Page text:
Ford puts Exelon, Public Service Enterprise Group and CenterPoint Energy in the first group and AES Corp., Entergy and FirstEnergy in the second.

UBS’ Dumoulin-Smith estimates that the aggregate impact of tax reforms on utilities will likely be negative with the potential for downward earnings revisions. Those views underscore the complications of utility accounting.

In utility accounting, funds put aside to pay taxes, deferred tax liabilities, are expensed but not paid in cash. Because deferred tax liability does not represent an outlay of capital, regulated utilities are not allowed to earn a return on investments funded by their deferred tax liability.

The essence of the matter is that taxes for utilities are a pass-through to ratepayers. “Utilities don’t really care about tax cuts,” said Hugh Wynne, co-head of utilities and renewable energy research at SSR LLC. “The real issue is the effect it has on rate base.”

Cuts in corporate tax rates do not benefit the earnings of regulated utilities; they ultimately give them back to customers. Only power companies with large, profitable competitive businesses such as Dominion Resources, Exelon, NextEra or PSEG, should see a permanent improvement in after-tax earnings, Wynne and his fellow analyst, Eric Selmon, wrote in a Nov. 29 report.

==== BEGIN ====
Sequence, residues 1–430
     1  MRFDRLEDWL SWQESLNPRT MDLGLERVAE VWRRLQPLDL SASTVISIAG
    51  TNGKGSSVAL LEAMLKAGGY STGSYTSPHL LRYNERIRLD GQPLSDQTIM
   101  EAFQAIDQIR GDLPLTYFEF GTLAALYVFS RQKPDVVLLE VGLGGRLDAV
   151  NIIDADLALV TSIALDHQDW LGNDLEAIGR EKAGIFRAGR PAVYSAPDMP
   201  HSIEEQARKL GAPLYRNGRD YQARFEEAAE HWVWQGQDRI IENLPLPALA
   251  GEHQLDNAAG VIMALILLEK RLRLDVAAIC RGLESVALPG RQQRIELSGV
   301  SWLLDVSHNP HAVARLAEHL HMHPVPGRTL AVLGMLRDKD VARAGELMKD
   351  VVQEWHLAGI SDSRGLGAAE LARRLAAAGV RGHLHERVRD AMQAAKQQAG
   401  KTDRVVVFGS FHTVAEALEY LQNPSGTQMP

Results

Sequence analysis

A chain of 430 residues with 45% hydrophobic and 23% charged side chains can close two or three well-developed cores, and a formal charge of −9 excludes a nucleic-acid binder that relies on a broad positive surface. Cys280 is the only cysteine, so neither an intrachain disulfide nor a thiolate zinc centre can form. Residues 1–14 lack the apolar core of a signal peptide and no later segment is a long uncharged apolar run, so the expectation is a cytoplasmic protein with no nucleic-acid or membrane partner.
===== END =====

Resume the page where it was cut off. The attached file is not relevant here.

The tale of two taxes

There are two tax-cut proposals on the table right now. The House-Republican plan would cut corporate tax rates from 35% to 20%. The Trump plan would cut rates by 15%. For utilities, there is another significant difference between the two proposals beside the difference in the level of cuts.

The House plan includes a provision that calls for the expensing capital expenditures, resulting in the loss of the interest rate deduction that capex now enjoys. Utilities would not be required to expense capex under the Trump plan.


The net effect of House Republican and Trump tax cut proposals would be the same. They would result in a net increase in rate base for regulated utilities and an expectation of growth in utilities' regulated earnings.


The net effect of both plans would be the same. They would result in a net increase in rate base for regulated utilities and an expectation of growth in utilities’ regulated earnings.